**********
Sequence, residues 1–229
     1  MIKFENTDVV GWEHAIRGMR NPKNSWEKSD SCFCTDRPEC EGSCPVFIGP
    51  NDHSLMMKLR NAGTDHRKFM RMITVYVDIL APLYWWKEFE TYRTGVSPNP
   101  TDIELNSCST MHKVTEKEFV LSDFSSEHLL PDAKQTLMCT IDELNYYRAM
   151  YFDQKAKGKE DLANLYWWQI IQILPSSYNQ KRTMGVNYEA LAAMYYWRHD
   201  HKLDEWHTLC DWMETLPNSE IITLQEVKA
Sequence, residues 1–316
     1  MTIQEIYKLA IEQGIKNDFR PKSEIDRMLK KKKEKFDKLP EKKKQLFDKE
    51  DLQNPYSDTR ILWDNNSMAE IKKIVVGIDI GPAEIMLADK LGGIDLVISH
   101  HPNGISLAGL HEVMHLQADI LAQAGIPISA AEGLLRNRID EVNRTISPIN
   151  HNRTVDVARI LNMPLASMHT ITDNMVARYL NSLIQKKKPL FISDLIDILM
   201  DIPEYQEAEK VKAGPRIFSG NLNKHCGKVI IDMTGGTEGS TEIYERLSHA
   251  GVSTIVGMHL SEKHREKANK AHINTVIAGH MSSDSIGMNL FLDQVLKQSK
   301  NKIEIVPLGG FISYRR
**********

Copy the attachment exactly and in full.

Sequence, residues 1–229
     1  MIKFENTDVV GWEHAIRGMR NPKNSWEKSD SCFCTDRPEC EGSCPVFIGP
    51  NDHSLMMKLR NAGTDHRKFM RMITVYVDIL APLYWWKEFE TYRTGVSPNP
   101  TDIELNSCST MHKVTEKEFV LSDFSSEHLL PDAKQTLMCT IDELNYYRAM
   151  YFDQKAKGKE DLANLYWWQI IQILPSSYNQ KRTMGVNYEA LAAMYYWRHD
   201  HKLDEWHTLC DWMETLPNSE IITLQEVKA
Sequence, residues 1–316
     1  MTIQEIYKLA IEQGIKNDFR PKSEIDRMLK KKKEKFDKLP EKKKQLFDKE
    51  DLQNPYSDTR ILWDNNSMAE IKKIVVGIDI GPAEIMLADK LGGIDLVISH
   101  HPNGISLAGL HEVMHLQADI LAQAGIPISA AEGLLRNRID EVNRTISPIN
   151  HNRTVDVARI LNMPLASMHT ITDNMVARYL NSLIQKKKPL FISDLIDILM
   201  DIPEYQEAEK VKAGPRIFSG NLNKHCGKVI IDMTGGTEGS TEIYERLSHA
   251  GVSTIVGMHL SEKHREKANK AHINTVIAGH MSSDSIGMNL FLDQVLKQSK
   301  NKIEIVPLGG FISYRR